• He must be able to move food to the back of the mouth and to effectively swallow. If he is still ‘playing’ with the food or spitting most of it out, he may not be able to swallow food yet (which is different from swallowing milk), and may choke.

The role of milk as baby grows older

Breastmilk is worth gold to your baby and if possible you should aim to breastfeed your baby until two years as recommended by the World Health Organisation (WHO). As a baby grows older, their appetite for solid foods increases and they need less milk. If you are breastfeeding your body takes care of toning down production automatically.

If you are formula feeding, you may need to gradually reduce the amount of formula baby is having as he grows older:

  • Younger than 9 months – no limit on milk intake, simply feed baby on demand
  • 9-12 months – gradually reduce to about 750 ml in 24 hours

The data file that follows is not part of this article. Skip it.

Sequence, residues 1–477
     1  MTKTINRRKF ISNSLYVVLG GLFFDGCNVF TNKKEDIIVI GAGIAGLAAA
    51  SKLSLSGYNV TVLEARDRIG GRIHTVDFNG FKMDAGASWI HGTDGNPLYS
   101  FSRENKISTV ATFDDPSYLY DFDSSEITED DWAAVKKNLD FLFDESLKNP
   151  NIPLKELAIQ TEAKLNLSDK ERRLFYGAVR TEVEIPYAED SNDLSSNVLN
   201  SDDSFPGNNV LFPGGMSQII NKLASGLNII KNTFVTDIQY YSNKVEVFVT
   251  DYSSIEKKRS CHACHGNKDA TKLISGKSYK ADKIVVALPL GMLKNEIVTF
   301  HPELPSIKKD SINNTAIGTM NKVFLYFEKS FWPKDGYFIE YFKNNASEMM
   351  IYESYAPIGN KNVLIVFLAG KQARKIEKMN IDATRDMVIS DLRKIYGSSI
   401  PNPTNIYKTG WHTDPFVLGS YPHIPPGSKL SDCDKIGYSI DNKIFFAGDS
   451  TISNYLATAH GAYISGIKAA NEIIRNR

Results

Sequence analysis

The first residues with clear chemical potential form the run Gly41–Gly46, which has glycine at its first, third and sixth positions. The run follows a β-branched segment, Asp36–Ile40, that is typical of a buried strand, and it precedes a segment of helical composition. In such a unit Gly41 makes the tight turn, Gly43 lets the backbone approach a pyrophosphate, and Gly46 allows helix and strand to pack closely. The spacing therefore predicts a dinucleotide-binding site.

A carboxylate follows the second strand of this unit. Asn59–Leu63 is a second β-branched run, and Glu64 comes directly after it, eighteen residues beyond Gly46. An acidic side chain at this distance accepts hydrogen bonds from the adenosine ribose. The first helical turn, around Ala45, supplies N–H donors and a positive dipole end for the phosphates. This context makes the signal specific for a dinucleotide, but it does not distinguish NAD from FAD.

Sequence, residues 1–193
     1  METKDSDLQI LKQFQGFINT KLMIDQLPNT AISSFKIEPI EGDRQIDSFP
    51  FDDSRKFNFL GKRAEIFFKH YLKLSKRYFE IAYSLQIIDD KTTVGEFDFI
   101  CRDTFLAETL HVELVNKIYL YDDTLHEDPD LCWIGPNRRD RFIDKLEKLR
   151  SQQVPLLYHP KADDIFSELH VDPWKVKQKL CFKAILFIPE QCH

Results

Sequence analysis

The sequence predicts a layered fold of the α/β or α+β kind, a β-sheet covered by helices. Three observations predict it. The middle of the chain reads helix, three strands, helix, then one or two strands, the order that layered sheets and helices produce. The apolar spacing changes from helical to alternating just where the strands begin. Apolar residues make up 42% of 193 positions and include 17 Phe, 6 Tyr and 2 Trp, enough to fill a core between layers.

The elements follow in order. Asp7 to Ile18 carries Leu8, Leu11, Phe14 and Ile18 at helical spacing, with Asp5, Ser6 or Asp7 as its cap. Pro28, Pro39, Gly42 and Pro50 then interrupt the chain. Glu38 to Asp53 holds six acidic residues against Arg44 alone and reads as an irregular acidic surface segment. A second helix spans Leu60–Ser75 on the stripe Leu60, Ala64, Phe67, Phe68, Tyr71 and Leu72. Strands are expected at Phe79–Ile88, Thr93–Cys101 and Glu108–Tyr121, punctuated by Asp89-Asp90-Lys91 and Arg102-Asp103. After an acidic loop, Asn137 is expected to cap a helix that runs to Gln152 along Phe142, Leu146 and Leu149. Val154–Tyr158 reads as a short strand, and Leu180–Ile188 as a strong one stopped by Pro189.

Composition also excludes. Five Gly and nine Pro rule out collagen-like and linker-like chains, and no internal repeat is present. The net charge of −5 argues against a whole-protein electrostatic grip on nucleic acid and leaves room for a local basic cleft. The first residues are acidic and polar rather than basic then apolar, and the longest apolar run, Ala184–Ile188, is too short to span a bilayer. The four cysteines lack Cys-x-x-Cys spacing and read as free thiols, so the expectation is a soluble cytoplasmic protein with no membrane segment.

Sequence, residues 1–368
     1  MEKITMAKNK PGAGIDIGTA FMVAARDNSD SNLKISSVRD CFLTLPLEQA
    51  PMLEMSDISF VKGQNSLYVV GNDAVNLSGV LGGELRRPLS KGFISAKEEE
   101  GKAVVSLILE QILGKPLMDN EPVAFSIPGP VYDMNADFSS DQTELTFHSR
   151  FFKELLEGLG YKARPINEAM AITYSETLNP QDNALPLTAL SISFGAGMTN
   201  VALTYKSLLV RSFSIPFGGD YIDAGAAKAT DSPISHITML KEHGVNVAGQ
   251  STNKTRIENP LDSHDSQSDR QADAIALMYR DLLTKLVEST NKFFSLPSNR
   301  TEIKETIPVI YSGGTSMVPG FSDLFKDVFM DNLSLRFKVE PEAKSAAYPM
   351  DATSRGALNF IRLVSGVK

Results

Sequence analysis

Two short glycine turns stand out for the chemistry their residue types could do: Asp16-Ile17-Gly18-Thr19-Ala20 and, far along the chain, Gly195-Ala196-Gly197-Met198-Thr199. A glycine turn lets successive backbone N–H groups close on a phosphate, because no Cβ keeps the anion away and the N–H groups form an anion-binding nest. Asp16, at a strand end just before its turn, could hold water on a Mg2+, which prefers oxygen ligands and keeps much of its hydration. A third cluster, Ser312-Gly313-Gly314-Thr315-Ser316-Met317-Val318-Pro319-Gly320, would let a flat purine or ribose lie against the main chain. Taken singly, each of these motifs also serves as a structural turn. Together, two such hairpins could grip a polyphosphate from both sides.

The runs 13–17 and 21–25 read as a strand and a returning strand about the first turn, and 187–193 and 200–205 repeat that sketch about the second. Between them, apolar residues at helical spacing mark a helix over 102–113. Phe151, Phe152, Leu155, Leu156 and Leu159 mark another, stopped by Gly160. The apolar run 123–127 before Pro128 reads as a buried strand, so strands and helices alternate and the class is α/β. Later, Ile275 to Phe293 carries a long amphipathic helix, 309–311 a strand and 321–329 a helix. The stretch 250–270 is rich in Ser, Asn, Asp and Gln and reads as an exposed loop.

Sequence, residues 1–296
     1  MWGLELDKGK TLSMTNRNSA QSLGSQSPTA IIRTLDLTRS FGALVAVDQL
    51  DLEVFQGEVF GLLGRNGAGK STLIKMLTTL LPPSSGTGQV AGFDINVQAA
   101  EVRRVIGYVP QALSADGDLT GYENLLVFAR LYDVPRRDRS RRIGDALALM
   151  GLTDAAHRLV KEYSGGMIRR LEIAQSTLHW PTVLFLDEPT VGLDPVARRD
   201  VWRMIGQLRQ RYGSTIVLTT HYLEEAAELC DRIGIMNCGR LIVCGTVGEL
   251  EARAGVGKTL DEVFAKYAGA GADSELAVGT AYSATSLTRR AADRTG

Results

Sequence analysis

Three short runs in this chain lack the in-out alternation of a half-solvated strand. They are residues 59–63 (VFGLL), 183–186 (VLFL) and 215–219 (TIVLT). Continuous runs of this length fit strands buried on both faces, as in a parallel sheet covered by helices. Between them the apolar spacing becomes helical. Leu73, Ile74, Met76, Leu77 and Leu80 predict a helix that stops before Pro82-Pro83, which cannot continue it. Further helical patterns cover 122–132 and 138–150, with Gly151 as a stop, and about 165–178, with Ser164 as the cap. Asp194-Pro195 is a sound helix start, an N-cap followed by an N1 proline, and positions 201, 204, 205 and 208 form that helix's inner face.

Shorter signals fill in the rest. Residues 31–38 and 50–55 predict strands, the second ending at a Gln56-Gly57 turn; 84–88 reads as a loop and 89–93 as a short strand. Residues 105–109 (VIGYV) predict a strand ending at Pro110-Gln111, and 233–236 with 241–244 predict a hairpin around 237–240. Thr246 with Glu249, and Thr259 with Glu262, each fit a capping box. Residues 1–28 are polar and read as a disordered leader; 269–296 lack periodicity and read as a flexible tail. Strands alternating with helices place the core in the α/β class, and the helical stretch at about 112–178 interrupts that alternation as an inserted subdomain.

• 12-18 months – gradually reduce to about 400-600 ml in 24 hours
  • 18-24 months – gradually reduce to about 250-350 ml in 24 hours

After one year you can stop giving a baby formula and move to normal cow’s milk. There is no need for a specific growing-up formula after 1 year of age. In fact, these are often higher in sugar content and may contribute to obesity later in life.

What about water?

From 6 months onwards you can offer baby sips of water from a sippy cup or a straw. Aim for 125-250ml of water a day.

When to introduce what foods

You will get different opinions on this topic, but most experts agree that babies can eat a big variety of foods from the start. We suggest the following: